Though the Tennessee defense will have several plays it will want back, it made enough plays in key situations, like the stopped two-point conversion late in the game that held the deficit at seven points before the Titans tied the game and sent it into overtime. But most impressive about this team is how it has responded to its COVID-19 outbreak from earlier this month, winning two games in five days without much time practicing.
Nine years after he last served as a head coach in the NFL, Morris won in his first try as the Falcons' interim coach after the organization fired Dan Quinn last week. Morris did it in convincing fashion, as Atlanta beat the Minnesota Vikings 40-23 and in the process shed some of the criticisms that had plagued this team under Quinn.
The Falcons raced out to a big lead and held it. They flashed speed and aggressiveness on defense and forced turnovers. Their offense was effective on third downs (nine of 17), fourth downs (three of three) and in the red zone (two of three). As Morris tries to make his way back to head coaching full time, this was a great first step.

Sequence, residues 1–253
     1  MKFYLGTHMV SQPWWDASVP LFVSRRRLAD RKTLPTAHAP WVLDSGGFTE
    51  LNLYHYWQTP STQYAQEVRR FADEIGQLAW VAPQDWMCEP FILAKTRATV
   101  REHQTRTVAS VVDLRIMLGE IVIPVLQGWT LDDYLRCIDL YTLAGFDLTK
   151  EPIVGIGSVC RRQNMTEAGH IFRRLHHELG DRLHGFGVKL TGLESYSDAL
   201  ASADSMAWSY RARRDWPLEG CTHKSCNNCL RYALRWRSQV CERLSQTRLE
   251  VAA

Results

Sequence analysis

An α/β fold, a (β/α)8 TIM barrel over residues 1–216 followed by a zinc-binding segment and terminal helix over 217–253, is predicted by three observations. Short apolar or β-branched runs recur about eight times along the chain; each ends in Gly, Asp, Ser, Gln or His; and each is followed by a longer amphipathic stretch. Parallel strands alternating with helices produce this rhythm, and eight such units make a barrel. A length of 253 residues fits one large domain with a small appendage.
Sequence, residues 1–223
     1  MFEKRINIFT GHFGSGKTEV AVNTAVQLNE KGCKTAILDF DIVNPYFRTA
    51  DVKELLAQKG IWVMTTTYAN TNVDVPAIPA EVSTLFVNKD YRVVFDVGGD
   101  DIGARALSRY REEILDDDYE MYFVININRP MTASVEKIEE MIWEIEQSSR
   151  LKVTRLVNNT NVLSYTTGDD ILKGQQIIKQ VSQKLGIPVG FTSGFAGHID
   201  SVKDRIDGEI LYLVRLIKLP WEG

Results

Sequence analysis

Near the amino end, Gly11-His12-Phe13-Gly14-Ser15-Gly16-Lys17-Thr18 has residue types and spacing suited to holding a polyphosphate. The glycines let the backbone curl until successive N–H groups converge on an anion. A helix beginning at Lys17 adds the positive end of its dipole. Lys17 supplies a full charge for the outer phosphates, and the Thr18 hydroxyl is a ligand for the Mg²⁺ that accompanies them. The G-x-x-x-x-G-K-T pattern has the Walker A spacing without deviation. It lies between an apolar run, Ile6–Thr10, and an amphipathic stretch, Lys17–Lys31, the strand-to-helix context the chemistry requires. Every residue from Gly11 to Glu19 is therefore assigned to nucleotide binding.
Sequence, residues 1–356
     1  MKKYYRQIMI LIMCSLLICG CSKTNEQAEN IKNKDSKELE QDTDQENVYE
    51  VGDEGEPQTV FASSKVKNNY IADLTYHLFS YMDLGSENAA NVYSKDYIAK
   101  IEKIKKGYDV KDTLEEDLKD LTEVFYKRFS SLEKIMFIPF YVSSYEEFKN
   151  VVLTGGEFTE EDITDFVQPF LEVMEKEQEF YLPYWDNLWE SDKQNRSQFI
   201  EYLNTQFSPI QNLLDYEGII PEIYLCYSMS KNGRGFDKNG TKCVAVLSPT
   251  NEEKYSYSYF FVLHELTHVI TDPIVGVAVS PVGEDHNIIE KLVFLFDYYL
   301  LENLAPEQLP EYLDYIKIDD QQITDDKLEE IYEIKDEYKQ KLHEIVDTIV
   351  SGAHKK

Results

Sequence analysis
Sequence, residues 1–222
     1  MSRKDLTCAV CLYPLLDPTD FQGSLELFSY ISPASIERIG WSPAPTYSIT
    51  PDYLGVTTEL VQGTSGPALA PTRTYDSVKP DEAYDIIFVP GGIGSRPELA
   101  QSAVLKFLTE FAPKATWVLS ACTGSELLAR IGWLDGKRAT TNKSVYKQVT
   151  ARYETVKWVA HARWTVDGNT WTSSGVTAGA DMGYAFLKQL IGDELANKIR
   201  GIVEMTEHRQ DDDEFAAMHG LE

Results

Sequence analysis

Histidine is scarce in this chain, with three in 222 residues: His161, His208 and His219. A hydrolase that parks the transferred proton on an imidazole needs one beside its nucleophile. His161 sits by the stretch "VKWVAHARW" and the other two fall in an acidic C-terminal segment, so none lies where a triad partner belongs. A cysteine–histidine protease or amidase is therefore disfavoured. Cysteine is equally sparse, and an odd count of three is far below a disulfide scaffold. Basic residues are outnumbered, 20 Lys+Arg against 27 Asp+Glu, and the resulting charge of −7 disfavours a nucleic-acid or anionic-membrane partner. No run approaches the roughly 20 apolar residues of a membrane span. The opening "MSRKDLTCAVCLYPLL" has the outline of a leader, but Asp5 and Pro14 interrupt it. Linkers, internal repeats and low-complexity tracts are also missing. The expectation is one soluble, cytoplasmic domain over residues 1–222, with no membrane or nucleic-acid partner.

Quarterback Joe Flacco #5 of the New York Jets reacts during the second quarter against the Miami Dolphins at Hard Rock Stadium on October 18, 2020 in Miami Gardens, Florida. (Photo: Michael Reaves, Getty Images)